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An Introduction to Critical Thinking
Dan Lineaweaveron 20 September 2012
Transcript of An Introduction to Critical Thinking
Key Factors 1. Clarity 2. Precision 3. Accuracy 4. Relevance 5. Depth 6. Breadth 7. Significance Accuracy [ac-cu-ra-cy] the condition or quality of being true, correct, or exact; An Introduction O identify, construct and evaluate arguments detect inconsistencies and common mistakes in reasoning solve problems systematically identify the relevance and importance of ideas reflect on the justification of one's own beliefs and values freedom from error or defect; correctness Precision [pre·ci·sion] the degree of refinement with which an operation is performed or a measurement stated [rel·e·vance] pertinence to the matter at hand Depth [depth] intellectual complexity or penetration; the degree of richness or intensity Breadth [breadth] Wide range or scope; tolerance; broadmindedness Significance [sig·nif·i·cance] the quality of being worthy of attention; importance; the meaning to be found in
words or events O Video Resources Critical thinking is a requirement for leadership Critical thinking internationally in education Critical thinking and desicion making in business Importance of
Critical Thinking Learning about critical thinking is like opening the doors of your mind... Learning about critical thinking is like opening the doors of your mind... Clarity [clar-i-ty] clearness or lucidity as to perception or understanding; freedom from indistinctness or ambiguity (Additional, 3rd-party resources inside.) (Additional, 3rd-party resources inside.) Relevance An Introduction to Critical Thinking An Introduction to Critical Thinking Understanding basic formulas for rational thought. ...and why it's important. ...and why it's important. Understanding what it is... Understanding what it is... Critical Thinking "Critical Thinking is the ability to think clearly and rationally." Illustration Elaboration "Can you tell me more?" Elaboration is often required for clarity. Do not assume that all of the pertinent information has been communicated initially. Illustrate a point with a picture, metaphor, or analogy. Offer, and ask for, examples and additional supporting evidence. "Can you draw a picture or provide examples?" Context-Driven The level of detail and exactness needed is dependent upon the content being discussed or theorized. "How much detail is needed and relevant?" Context is very important to clarity, which is required to be affective when communicating.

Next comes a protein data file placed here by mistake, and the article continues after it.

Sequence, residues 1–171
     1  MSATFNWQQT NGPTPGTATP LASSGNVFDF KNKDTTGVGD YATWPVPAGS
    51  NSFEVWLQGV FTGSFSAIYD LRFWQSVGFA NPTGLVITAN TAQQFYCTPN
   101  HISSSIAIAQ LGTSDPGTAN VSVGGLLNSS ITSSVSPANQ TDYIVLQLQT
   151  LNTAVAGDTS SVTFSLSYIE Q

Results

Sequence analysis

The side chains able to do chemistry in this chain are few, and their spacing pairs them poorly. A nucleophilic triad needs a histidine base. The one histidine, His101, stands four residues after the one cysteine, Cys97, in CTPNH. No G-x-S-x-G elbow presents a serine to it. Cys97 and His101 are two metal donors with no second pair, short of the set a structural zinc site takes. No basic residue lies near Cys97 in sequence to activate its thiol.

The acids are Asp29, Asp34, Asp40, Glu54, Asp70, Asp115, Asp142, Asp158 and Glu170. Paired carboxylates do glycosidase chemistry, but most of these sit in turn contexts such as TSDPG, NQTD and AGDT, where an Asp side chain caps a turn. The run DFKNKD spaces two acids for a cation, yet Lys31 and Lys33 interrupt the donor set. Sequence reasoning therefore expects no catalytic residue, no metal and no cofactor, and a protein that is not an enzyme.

For example, if you are concerned because someone feels too hot to the touch, and you fear they may be ill (leading you to the decision to check their body temperature) it is common knowledge that you would want to measure the results in approximate 10ths of a degree.
This would give you the most useful information to make decisions regarding the subject. Measuring to the thousands of a degree would be more precise, but unnecessary and difficult – overkill, in other words – and only measuring to within approximately 10° would be dangerously approximate, and not helpful. However, if you were to measure the amount of lead in drinking water, you would want it in parts per million, etc. Corroboration Truth is not always self-evident. Seek corroborating evidence, and verify facts. "Does any other credible supporting data exist?" "Does the answer match the question?" "Does the information being presented make enough of an impact on the question at hand for serious consideration?" "Does the information being presented make enough of an impact on the question at hand for serious consideration?" Additional
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